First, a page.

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Tag Archives: neolithic

Neolithic people made fake islands more than 5,600 years ago

Hundreds of tiny islands around Scotland didn’t arise naturally. They’re fakes that were constructed out of boulders, clay and timbers by Neolithic people about 5,600 years ago, a new study finds.

Researchers have known about these artificial islands, known as crannogs, for decades. But many archaeologists thought that the crannogs were made more recently, in the Iron Age about 2,800 years ago.

 The new finding not only shows that these crannogs are much older than previously thought but also that they were likely “special locations” for Neolithic people, according to nearby pottery fragments found by modern divers, the researchers wrote in the study.
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Stonehenge Discovery ‘Blows Lid Off’ Old Theories About Builders Of Ancient Monument

Stonehenge Discovery ‘Blows Lid Off’ Old Theories About Builders Of Ancient Monument

From who built it to what it was used for, Stonehenge is surrounded by many enduring mysteries — and researchers from the University of Buckingham in England now say they’ve solved one of them.

“For years people have been asking why is Stonehenge where it is, now at last, we have found the answers,” David Jacques, an archaeology research fellow at the university, said in a written statement.

OLYMPUS DIGITAL CAMERA

Last October, Jacques led an archaeological dig at a site 1.5 miles from Stonehenge. His team unearthed flint tools and the bones of aurochs, extinct cow-like animals that were a food source for ancient people. Carbon dating of the bones showed that modern-day Amesbury, an area that includes the dig site and Stonehenge itself, has been continuously occupied since 8820 B.C. Amesbury has now been declared the oldest continually occupied area in Britain.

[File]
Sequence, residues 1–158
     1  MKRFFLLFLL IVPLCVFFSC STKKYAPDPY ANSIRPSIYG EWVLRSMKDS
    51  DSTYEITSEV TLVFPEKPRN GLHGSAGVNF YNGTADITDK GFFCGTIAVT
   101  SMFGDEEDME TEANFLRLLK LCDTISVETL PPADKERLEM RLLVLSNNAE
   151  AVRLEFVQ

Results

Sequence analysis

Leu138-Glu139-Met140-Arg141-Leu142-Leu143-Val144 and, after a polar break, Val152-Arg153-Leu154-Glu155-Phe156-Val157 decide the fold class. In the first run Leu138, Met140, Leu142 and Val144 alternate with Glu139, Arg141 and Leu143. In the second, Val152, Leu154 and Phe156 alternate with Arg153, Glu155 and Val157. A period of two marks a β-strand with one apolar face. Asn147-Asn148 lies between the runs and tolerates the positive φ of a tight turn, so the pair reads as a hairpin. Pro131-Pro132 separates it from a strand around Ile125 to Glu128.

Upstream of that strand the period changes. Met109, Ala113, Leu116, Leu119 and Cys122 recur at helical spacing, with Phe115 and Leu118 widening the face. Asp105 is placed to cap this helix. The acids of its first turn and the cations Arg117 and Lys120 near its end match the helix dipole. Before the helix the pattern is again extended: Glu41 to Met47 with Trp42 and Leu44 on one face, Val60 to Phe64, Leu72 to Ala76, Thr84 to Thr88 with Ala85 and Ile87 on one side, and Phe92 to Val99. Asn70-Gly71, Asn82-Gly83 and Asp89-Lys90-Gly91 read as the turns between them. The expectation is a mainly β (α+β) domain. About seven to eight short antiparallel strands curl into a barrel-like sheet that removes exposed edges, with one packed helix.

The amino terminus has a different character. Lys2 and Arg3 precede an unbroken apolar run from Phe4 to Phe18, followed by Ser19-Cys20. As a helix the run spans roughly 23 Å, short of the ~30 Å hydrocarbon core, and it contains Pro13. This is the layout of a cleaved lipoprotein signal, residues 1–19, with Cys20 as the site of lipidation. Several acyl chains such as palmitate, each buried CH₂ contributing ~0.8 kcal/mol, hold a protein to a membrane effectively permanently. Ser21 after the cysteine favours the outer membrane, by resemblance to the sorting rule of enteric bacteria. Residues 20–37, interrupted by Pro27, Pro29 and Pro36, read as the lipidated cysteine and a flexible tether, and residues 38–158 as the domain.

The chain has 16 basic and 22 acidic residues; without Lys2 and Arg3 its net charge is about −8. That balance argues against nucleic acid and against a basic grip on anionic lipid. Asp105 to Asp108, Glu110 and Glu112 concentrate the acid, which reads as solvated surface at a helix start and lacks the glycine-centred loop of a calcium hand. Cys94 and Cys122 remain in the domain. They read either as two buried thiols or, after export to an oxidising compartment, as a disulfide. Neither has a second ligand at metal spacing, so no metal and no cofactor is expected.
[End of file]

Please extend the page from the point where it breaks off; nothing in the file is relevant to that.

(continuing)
The finding suggests that Stonehenge was built by indigenous Britons who had lived in the area for thousands of years. Previous theories held that the monument was built in an empty landscape by migrants from continental Europe.

Stonehenge from the air

“The site blows the lid off the Neolithic Revolution in a number of ways,” Jacques said in the statement, referring to the assumption that those migrants drove Britain’s transition from a hunter-gatherer to a farming society in the 6th Century B.C. “It provides evidence for people staying put, clearing land, building, and presumably worshipping, monuments.”

The researchers say evidence suggests that before erecting Stonehenge, people living in the area set up gigantic timbers between 8820 and 6590 B.C. — a sort of wooden precursor to the stone monument. Jacques likened the area to a “Stonehenge Visitor’s Center,” where visitors from far and wide came to feast and tour the site with local guides.

“The area was clearly a hub point for people to come to from many miles away, and in many ways was a forerunner for what later went on at Stonehenge itself,” he said.

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6,100-YEAR-OLD POTS REVEAL EARLIEST EVIDENCE OF COOKING WITH SPICES

6,100-YEAR-OLD POTS REVEAL EARLIEST EVIDENCE OF COOKING WITH SPICES

KITCHEN DAILY 8/22/13

Prehistoric palates may be more refined than we think.

NBC News reports that the earliest conclusive evidence of humans cooking with spicehas been discovered from 6,100-year old clay cooking pots found in Neolithic sites in Denmark and Germany. Burnt food remains on the pots revealed traces of garlic mustard seeds along with meat and fish fats.

old pot

While spices have been found in older sites, it is unclear whether they were used in food or for medicinal or decorative purposes. This new discovery shows well-preserved food scraps without any whole seeds, suggesting that the seeds were crushed to release flavor.

According to a Smithsonian magazine blog post, experts previously thought that cooking with plants during this time period was largely motivated by a need for calories, but garlic mustard seeds have little nutritional value.

The findings suggest culinary spices were in use more than 1,000 years earlier than previously thought, predating the discovery of tumeric and ginger in 4,500-year old cooking pots from northern India.

spices

Lead researcher Dr. Hayley Saul tested the primitive recipe and likened it to today’s popular mustard seeds. “It went down very well,” she tells NBC News.

Check out the slideshow above to find out more about this surprising discovery and what other ancient spices have been found.

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